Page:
W.D. “Dub” Rogers, Jr., signed on KDUB-TV Channel 13 in Lubbock, Tex., in 1952. It was the nation’s first commercial TV station in such a small market.
Rogers helped start KEYL-TV (now KENS-TV) in San Antonio in 1948. He wanted to bring television service to smaller markets. Rogers liked Lubbock as his starting place. It was the largest city between Dallas-Fort Worth and Albuquerque, San Antonio and Denver, and Oklahoma City and El Paso. The city also was growing quickly.
For more practical reasons, Lubbock was situation on flat terrain, meaning signals could travel long distances without interference.
The station signed on to great fanfare and rode a wave of strong early promotion. Part of the promotional effort was getting Lubbock residents to buy TV sets, which they did. Rogers had a reputation as a flamboyant pioneer and promoter. This 1955 ad is typical of KDUB’s message to advertisers: Lubbock was booming, full of young, progressive viewers with money to spend.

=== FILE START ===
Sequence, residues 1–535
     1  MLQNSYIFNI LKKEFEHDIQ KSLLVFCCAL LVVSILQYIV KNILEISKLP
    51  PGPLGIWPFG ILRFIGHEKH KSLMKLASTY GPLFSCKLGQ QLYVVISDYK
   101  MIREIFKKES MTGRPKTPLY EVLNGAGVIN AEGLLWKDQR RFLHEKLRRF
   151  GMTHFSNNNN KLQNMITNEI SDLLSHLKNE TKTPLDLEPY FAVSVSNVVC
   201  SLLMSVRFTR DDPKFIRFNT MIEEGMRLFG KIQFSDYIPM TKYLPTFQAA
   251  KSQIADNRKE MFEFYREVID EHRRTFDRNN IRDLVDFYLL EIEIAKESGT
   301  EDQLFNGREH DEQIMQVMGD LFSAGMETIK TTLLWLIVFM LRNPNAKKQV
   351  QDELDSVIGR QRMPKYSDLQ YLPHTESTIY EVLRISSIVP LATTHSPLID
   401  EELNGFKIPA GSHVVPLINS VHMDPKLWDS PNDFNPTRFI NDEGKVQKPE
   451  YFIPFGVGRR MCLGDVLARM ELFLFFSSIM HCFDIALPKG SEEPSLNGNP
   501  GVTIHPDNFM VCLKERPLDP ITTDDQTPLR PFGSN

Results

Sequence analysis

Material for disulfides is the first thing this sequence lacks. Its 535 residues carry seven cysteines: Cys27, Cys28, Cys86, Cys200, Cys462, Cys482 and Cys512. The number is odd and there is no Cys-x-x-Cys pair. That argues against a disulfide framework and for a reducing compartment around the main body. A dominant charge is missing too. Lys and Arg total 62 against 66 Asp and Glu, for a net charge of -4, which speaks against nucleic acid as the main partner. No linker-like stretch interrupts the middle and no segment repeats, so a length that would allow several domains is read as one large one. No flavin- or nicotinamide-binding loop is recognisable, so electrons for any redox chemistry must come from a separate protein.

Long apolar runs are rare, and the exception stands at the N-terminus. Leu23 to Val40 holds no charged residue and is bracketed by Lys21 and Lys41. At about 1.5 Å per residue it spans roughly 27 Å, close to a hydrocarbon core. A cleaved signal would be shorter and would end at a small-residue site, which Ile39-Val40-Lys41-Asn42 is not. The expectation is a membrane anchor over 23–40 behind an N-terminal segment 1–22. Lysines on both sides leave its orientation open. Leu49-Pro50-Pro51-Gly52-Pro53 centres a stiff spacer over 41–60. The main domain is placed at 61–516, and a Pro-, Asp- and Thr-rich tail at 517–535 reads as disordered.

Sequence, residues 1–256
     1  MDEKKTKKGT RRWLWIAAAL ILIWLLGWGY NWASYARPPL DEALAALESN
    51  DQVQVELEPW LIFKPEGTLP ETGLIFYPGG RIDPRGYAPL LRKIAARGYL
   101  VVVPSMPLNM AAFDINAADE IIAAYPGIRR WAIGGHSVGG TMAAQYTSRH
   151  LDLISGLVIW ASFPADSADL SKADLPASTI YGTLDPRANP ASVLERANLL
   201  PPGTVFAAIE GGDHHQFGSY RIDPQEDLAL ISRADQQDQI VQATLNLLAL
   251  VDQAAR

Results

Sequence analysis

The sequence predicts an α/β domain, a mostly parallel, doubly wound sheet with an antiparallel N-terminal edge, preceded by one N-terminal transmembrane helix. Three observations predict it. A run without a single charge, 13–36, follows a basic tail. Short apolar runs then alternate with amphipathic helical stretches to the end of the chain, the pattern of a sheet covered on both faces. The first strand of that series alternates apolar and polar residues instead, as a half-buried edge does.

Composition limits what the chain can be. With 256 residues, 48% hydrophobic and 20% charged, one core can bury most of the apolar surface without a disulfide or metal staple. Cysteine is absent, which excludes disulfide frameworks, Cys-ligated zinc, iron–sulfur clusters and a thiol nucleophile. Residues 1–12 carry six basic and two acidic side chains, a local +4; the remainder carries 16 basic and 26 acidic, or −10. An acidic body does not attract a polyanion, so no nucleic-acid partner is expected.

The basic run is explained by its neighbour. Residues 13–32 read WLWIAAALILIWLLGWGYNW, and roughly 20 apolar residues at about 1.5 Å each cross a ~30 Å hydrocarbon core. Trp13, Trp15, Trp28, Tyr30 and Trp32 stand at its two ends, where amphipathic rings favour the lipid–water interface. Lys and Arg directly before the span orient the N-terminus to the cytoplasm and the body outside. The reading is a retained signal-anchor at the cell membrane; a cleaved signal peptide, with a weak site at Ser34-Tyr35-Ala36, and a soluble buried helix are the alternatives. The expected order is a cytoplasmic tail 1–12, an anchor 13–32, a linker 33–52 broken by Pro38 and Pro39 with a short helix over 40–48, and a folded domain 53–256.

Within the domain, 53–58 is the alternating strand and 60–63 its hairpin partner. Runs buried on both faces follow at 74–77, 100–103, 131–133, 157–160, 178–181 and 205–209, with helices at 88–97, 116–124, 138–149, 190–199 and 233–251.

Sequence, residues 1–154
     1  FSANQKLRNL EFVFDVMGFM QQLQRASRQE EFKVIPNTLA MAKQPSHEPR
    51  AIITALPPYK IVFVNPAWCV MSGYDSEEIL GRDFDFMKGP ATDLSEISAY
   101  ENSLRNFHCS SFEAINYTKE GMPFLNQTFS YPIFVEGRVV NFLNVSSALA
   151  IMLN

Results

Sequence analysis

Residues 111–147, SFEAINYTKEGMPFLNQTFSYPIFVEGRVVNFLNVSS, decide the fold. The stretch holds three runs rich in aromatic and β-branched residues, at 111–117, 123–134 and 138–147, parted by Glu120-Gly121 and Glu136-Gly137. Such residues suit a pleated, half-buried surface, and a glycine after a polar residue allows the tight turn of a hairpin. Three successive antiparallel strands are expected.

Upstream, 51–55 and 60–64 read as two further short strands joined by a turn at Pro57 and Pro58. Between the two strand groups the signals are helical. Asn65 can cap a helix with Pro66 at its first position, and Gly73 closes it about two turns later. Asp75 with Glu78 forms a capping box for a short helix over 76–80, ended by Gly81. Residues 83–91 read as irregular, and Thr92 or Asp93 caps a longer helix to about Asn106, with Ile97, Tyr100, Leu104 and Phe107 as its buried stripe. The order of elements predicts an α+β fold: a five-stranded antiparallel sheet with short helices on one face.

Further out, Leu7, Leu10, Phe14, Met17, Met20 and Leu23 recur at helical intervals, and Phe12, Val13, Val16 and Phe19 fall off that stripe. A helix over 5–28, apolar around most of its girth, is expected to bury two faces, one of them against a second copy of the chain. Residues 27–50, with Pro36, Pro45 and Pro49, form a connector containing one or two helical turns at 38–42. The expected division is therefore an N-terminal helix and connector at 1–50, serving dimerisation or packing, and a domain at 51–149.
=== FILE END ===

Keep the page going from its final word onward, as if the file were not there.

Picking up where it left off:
KDUB primarily was a CBS affiliate in its first few years, with a secondary DuMont affiliation. It also aired a great deal of local programming.
Rogers’ vision was to sign on a network of television stations in west Texas, all tied to the mothership at KDUB. Over the next few years, he signed on stations in Abilene, Big Spring and Clovis, N.M. It was the nation’s first regional TV network, called the West Texas Television Network.
The station was sold to Grayson Enterprises in 1961 and changed its call letters to KLBK. Grayson ran into trouble with the FCC through the 1970s amid accusations of fraudulent billing, fabricating program and transmitter logs, technical violations and more. The cases were settled in what was called a “distress sale.” Grayson’s stations were sold off to minority-controlled groups at a discounted price. KLBK went to an African-American-owned company.
KLBK is now owned by Nexstar Broadcasting.
Sources: Wikipedia (KLBK-TV), Book: Television in America, an anthology with local TV station histories from around the country